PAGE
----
Mario Cuomo, who died on New Year’s Day, gave a great speech at the 1984 Democratic convention—perhaps, as some claim, one of the greatest speeches in American history. Directly addressing Ronald Reagan’s sunny depictions of morning in America, he thundered: “There is despair, Mr. President, in the faces you don’t see, in the places you don’t visit in your shining city…. This nation is more a ‘Tale of Two Cities’ than it is just a ‘Shining City on a Hill.’” If you want to know how far to the right we’ve moved since 1984, just compare Cuomo’s broad, magnanimous agenda—in which he attacked Reagan’s support for nun-murdering Latin American regimes and the bloated military budget and decried, at considerable length, persistent poverty without ever blaming it on poor people themselves—with the pinched technocratic programs of Clinton and Obama. Cuomo championed civil rights, human rights, unions and the values of solidarity, “the sharing of benefits and burdens for the good of all.” And he did this with gusto in what he must have known was a losing cause: this was the convention which nominated Walter Mondale, who went on to lose every state but Minnesota (and the District of Columbia) to the happy-talking reactionary in the White House.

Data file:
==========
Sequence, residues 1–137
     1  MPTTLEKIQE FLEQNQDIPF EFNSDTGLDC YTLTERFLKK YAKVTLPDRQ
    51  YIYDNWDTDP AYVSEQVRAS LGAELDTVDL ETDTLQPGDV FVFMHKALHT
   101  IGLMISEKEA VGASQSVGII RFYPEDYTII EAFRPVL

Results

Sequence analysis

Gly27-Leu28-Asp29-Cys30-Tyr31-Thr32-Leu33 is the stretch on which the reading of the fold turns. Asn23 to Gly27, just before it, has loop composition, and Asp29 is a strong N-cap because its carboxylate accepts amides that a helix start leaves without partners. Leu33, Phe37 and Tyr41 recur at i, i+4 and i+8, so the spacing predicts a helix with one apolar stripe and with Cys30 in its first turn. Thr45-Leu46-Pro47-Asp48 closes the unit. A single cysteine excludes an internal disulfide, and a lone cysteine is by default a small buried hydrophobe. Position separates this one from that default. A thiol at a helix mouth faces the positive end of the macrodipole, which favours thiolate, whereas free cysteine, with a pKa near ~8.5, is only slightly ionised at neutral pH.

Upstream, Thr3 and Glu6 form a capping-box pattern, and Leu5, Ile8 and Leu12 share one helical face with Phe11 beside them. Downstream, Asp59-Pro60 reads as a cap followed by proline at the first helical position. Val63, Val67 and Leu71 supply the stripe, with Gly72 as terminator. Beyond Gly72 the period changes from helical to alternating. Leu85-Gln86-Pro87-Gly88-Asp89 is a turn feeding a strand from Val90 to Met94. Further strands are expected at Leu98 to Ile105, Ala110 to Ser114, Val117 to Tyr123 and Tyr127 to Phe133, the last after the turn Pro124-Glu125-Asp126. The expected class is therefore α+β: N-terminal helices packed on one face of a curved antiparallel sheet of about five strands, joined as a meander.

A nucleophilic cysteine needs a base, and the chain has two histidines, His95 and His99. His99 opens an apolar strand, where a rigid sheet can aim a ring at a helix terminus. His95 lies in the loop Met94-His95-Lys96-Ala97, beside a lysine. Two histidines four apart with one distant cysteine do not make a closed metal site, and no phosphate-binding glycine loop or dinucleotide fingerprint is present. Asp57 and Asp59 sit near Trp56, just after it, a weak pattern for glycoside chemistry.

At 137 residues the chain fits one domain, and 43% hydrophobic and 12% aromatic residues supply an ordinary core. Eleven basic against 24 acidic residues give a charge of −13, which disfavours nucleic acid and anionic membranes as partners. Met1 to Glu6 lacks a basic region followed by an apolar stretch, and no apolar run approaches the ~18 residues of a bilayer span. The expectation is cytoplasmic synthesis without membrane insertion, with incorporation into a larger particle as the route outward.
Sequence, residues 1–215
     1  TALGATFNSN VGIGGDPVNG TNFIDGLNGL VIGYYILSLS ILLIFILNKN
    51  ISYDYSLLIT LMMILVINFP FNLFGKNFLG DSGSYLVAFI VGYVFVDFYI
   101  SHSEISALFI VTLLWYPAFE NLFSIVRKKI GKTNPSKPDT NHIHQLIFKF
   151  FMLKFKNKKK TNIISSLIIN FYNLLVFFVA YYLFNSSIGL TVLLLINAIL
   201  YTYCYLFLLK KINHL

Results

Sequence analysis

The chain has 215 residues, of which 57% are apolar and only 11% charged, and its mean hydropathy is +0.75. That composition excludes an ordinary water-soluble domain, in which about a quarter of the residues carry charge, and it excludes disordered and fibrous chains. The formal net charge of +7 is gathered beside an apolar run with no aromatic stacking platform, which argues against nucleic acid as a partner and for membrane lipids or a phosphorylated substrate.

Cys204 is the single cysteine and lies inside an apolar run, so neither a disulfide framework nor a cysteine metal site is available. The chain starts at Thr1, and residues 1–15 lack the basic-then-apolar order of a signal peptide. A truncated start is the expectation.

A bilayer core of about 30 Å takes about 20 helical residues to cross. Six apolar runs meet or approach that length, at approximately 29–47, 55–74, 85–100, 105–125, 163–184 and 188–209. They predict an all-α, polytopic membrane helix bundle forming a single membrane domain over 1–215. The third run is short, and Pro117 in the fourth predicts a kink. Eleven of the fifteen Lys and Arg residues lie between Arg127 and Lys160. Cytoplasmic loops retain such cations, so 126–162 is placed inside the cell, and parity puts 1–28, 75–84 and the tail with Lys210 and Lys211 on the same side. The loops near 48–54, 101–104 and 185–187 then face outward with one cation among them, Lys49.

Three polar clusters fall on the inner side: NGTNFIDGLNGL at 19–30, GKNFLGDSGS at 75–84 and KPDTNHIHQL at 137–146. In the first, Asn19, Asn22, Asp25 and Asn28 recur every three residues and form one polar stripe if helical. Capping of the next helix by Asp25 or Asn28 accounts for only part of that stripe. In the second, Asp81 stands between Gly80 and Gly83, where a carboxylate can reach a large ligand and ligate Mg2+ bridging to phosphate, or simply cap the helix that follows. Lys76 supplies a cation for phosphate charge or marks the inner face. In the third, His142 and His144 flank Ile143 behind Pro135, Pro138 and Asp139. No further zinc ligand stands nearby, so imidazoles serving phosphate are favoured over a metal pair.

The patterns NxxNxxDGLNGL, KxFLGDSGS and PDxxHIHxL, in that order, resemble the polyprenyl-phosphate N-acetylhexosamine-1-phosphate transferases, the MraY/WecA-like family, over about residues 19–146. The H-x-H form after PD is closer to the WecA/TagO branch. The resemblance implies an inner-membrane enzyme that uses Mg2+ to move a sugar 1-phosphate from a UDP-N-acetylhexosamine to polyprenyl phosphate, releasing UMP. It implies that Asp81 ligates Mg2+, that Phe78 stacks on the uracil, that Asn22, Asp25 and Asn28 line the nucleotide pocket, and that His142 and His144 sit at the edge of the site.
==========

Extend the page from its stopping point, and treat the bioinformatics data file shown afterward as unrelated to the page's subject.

That wasn’t Cuomo’s only terrific speech. That same year, at Notre Dame, he explained why as a Catholic who thought abortion was wrong, he was nonetheless pro-choice as a politician, and why the separation of church and state was important for believers as well as nonbelievers. No wonder the obituaries of Cuomo have leaned heavily on his silver tongue, his intellect, his engagement with ideas, his moral convictions—particularly his courageous stance against the death penalty. Indeed, his stances and words were why The New York Times’s front-page obit hailed him as an “eloquent liberal beacon.” (Hmmm, is a beacon eloquent? Isn’t it more bright or shining?) My colleague John Nichols notes that Cuomo “came to be understood more as a statesman than a politician” and pairs him with Ted Kennedy as a “liberal lion.” As with those phrases, which connote past glory (no one calls you a “statesman” if you’re winning, and lions are always a bit past their prime), there was a nostalgic feeling to the praise: Mario Cuomo as the Galahad of a now-faded liberalism.